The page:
What Does a Weed Cost? More Than You May Think

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Cattle with weeds

It’s hard to go wrong growing more grass.
–Old Ranching Proverb

Grass and grazing space are valuable.Regardless of grain prices, market conditions or other factors, it makes sense to grow all the grass you can. But how do we get there?

“Years of data collection across the country established the standard that every pound of broadleaf weeds eliminated in the pasture returns at least a pound to a pound-and-a-half of forage,” says Sam Ingram, a field scientist with Corteva Agriscience Range & Pasture.

Forage response depends on weed and grass species present, soil type, moisture and other factors. When Ingram analyzed data from several university trials, nitrogen rose to the top as a primary limiting factor.

“Most common broadleaf pasture weeds contain about 3% nitrogen at the midbloom stage,” Ingram explains. “A moderate weed infestation level produces about 500 pounds of weeds per acre. So those weeds are stealing 14 pounds to more than 20 pounds of nitrogen per acre.”

It begs the question: What could productive forage grasses do with that nitrogen?

A successful weed control program in effect gives nitrogen back to the forages to grow more grass. The accompanying table shows how much nitrogen various weed species rob and the pounds of dry matter that lost nitrogen potentially could produce.

“Certain grass species, bermudagrass for example, exhibit a greater response to nitrogen; thus, the dry matter production is higher,” Ingram says. “Regardless, grass replaced each of the weed species pound for pound, at least.”

Ingram says this information reinforces two important points:

  1. Control weeds early. “The sooner you stop weed competition, the less nutrients, moisture and sunlight they can steal from grasses,” Ingram says. “A residual product, such as DuraCor herbicide, lets you make that early treatment and then maintain control well into the season.”
  2. Protect your fertilizer investment. “This data drives home the point that if you fertilize without weed control, you’re fertilizing weeds,” Ingram says. UltiGraz Pasture Weed & Feed provides one-pass convenience and cost savings. “If budget requires you to choose between weed control or fertilizer, control the weeds first,” Ingram adds.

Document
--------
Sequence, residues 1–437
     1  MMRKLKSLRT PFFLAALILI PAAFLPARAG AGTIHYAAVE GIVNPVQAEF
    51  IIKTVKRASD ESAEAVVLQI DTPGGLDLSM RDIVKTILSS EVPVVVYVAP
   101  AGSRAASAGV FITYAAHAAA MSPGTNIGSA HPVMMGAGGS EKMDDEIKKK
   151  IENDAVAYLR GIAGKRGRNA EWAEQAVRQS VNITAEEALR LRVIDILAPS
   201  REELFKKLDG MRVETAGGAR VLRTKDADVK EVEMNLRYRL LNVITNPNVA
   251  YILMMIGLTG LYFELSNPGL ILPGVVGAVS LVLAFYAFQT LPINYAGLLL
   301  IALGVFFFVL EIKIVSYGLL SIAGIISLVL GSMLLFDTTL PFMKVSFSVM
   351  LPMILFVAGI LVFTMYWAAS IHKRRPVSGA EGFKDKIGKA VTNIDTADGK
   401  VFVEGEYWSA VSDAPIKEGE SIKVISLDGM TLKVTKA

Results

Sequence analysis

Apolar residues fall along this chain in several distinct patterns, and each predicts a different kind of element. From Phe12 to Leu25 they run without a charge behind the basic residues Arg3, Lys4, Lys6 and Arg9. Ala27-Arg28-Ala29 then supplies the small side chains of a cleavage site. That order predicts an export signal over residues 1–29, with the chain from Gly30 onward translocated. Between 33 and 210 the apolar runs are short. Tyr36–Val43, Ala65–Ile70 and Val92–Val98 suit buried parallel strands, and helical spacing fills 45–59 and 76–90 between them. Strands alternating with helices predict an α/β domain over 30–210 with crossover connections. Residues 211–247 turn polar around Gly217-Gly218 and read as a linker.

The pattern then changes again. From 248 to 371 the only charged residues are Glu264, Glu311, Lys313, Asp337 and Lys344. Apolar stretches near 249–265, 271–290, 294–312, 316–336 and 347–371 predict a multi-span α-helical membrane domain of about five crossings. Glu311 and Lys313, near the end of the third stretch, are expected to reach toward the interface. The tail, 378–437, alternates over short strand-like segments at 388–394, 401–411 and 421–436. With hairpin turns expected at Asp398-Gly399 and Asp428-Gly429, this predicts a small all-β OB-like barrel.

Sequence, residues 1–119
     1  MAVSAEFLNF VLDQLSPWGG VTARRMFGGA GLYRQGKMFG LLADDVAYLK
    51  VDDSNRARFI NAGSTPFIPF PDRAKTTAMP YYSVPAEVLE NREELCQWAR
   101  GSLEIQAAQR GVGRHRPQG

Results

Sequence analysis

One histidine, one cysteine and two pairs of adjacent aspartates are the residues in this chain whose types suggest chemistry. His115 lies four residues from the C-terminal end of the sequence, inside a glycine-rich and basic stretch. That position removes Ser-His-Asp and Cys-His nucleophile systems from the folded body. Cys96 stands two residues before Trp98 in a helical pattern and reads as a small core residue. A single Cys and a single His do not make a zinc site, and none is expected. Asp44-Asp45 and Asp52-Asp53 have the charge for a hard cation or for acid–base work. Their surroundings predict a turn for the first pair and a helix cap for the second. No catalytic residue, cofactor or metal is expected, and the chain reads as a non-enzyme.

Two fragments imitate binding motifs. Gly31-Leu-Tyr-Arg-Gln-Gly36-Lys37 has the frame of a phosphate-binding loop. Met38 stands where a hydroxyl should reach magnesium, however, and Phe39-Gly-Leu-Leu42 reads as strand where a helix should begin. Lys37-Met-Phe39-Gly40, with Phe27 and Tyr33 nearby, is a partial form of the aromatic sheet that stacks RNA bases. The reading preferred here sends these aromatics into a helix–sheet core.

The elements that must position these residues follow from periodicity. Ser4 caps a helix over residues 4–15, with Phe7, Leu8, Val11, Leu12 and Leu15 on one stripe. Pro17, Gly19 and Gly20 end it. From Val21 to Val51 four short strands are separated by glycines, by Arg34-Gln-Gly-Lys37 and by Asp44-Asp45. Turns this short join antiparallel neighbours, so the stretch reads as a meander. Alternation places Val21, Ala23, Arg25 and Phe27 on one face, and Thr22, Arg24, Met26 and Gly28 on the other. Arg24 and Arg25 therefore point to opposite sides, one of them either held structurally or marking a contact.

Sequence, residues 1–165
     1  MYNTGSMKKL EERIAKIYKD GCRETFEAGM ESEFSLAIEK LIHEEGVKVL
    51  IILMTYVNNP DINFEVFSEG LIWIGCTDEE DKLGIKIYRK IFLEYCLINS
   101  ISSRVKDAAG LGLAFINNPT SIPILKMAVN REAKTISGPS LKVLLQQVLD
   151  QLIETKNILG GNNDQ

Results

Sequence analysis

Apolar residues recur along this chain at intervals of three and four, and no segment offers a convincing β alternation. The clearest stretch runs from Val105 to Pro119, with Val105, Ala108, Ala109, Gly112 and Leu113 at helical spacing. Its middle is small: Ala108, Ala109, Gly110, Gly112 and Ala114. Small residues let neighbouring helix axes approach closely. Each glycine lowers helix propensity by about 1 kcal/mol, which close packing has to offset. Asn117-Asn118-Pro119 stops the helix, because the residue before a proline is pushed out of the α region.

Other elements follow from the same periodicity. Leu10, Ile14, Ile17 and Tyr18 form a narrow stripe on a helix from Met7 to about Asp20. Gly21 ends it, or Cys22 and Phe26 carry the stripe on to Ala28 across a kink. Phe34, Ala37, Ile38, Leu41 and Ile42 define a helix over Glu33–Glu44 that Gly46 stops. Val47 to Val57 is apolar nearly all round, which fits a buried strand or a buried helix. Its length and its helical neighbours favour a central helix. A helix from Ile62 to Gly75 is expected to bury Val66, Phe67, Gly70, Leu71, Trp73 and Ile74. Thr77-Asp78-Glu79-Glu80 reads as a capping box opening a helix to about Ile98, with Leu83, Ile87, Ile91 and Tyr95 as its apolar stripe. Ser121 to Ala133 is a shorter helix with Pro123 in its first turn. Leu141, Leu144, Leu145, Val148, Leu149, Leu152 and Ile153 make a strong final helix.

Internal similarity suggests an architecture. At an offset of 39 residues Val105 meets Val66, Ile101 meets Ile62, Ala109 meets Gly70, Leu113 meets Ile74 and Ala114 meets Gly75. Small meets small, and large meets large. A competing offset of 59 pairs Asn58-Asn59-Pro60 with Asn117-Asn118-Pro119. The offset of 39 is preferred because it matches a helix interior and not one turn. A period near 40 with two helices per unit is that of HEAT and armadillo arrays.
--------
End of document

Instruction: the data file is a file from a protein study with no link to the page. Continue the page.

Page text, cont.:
Weeds out, flexibility in

Whether that extra forage goes toward increasing stocking rates, extending the grazing season, or putting up extra hay, an abundant, high-quality forage base gives cattle producers the flexibility to manage according to the goals of their individual operations.

“More grass means more pounds of beef per acre. In today’s market, that’s a significant impact on the income side of the equation,” Ingram says.

Under normal field conditions, DuraCor® is nonvolatile. DuraCor has no grazing or haying restrictions for any class of livestock, including lactating dairy cows, horses (including lactating mares) and meat animals prior to slaughter. Label precautions apply to forage treated with DuraCor and to manure and urine from animals that have consumed treated forage. DuraCor is not registered for sale or use in all states. Consult the label for full details. UltiGraz with fertilizer is available for use with specific herbicides in the states of AL, AR, CO, FL, GA, HI, IA, ID, KS, KY, LA, MN, MO, MS, MT, NC, ND, NE, NV, OK, OR, SC, SD, TN, TX, UT, VA, WA, WI, WV and WY. Contact your state pesticide regulatory agency to determine if a product is registered for sale or use in your state. Always read and follow label directions.


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